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Random Acts of Kindness
Feeling better after a miscarriage or after any big loss can really be a challenge. In addition to your grief, you may be dealing with other stressors which can make you wonder if you're going to make it through the day (no less your grief). Holidays can be stressful. Relentless media coverage of events like mass shootings and prophecies about the end of the world can make you feel like your coping skills have gone out the window.
One of the best feel good fixes I know, is a random act of kindness. It feels great, whether your on the giving or receiving end. It doesn't have to be complicated or expensive to really resonate with someone.
Recently, I was having a bad day (in a series of bad days). I was fighting bronchitis and probably should have been at home but the season compelled me to the store. I had so many things on my to do list I felt I might never accomplish them all. My husband had just lost his job. Plus, it was my daughter's birthday.
After my five miscarriages, I lost my four-day-old daughter to severe congenital heart defects in 2008. Like every parent who experiences a pregnancy or infant loss, I had hoped for many years of warm hugs and sticky fingers. Bringing flowers to the cemetery in the cold instead takes some adjusting to.
Anyway, I was at the store with my boys, ages 16 and 13. I was feeling anxious and stressed and wondering how I was going to possibly afford everything I needed. I was sad and overwhelmed and trying to muster some kind of enthusiasm about Christmas. As I stood in the checkout line, a gentleman walked from the other end of the aisle. He handed my cashier $50 in cash and asked him to make sure it was applied to my order. Before I could even get “thanks” out of my mouth, he was gone.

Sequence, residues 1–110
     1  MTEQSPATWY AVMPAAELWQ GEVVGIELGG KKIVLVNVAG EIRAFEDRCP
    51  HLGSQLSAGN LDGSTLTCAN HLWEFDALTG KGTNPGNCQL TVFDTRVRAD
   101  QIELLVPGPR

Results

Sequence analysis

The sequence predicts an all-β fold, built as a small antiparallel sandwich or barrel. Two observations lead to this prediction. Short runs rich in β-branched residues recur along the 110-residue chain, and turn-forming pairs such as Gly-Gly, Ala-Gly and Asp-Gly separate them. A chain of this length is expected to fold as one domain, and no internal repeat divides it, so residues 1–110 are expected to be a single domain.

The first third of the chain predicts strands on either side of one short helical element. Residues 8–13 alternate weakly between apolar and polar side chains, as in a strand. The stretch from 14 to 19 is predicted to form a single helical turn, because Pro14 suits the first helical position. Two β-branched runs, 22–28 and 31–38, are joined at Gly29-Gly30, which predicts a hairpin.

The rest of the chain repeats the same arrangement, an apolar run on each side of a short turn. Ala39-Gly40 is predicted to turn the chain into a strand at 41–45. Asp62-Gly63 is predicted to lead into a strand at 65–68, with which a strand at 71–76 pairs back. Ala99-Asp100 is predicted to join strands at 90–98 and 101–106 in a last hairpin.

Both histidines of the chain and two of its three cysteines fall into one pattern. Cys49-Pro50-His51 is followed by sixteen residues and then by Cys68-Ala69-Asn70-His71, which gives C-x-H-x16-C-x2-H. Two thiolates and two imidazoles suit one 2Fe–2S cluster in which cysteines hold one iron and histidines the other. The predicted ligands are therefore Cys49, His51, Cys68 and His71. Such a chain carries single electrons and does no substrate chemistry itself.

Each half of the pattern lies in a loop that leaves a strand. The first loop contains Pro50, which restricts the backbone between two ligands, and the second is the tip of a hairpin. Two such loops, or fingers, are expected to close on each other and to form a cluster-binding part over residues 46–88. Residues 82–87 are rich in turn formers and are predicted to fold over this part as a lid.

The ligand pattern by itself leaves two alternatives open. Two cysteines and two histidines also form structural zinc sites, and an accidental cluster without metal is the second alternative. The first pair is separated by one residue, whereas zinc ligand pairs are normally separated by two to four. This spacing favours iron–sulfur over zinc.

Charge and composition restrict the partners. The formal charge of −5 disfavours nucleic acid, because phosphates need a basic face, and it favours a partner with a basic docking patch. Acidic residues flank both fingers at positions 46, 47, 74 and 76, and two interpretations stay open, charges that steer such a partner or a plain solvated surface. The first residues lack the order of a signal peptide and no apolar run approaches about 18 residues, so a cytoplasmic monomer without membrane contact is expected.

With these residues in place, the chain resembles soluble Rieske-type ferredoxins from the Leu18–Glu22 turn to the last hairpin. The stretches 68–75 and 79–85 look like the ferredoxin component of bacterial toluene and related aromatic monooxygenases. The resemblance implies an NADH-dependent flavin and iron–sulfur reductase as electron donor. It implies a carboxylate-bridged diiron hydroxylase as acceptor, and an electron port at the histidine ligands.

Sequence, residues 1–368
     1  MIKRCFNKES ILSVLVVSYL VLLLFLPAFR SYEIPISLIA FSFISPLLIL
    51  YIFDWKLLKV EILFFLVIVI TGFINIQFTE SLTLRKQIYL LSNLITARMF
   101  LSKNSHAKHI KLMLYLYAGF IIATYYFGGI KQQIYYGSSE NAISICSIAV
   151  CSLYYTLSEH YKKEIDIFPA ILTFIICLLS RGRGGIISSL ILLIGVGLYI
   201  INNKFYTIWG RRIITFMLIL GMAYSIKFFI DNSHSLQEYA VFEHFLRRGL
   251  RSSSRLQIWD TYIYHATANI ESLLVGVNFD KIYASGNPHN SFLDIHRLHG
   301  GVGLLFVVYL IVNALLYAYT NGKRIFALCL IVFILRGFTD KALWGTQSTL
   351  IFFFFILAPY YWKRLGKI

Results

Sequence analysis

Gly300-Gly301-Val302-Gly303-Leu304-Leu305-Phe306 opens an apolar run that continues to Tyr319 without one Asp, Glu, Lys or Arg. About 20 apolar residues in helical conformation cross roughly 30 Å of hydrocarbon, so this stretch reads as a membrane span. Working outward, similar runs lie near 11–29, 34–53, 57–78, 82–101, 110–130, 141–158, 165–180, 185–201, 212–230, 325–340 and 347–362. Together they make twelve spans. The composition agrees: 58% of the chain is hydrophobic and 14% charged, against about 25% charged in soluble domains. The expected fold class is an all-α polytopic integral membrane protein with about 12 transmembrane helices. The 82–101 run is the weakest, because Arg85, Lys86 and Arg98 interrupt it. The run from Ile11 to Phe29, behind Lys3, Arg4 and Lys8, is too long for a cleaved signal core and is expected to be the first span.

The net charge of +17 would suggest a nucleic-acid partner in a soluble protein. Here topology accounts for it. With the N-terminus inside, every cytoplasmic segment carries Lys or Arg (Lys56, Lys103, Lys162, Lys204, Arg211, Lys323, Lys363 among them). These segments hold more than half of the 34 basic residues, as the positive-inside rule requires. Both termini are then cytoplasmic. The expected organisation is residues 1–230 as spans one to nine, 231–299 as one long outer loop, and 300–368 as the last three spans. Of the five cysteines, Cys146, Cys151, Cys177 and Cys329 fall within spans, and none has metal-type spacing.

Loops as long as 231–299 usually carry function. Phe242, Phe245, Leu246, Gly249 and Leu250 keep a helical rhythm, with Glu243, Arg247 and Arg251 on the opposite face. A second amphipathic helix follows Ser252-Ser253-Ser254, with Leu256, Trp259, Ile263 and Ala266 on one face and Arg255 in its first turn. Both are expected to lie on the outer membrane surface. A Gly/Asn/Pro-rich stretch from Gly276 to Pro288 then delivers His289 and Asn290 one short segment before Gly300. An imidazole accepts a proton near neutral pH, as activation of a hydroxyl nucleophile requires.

“Do you know him?” the cashier asked.
“No,” I replied, “I've never seen him before.”
As we walked to the car, my oldest son said “Can someone explain to me what just happened?”
“That,” I told them, eyes filling with tears, “was a random act of kindness.”
That man had no way of knowing why or how we were struggling that day but his generosity left us all feeling better. It wasn't even the money really, although we were struggling there a bit too. He left us feeling better about the world as a whole and people in general. I'm willing to bet, he went away feeling good too.
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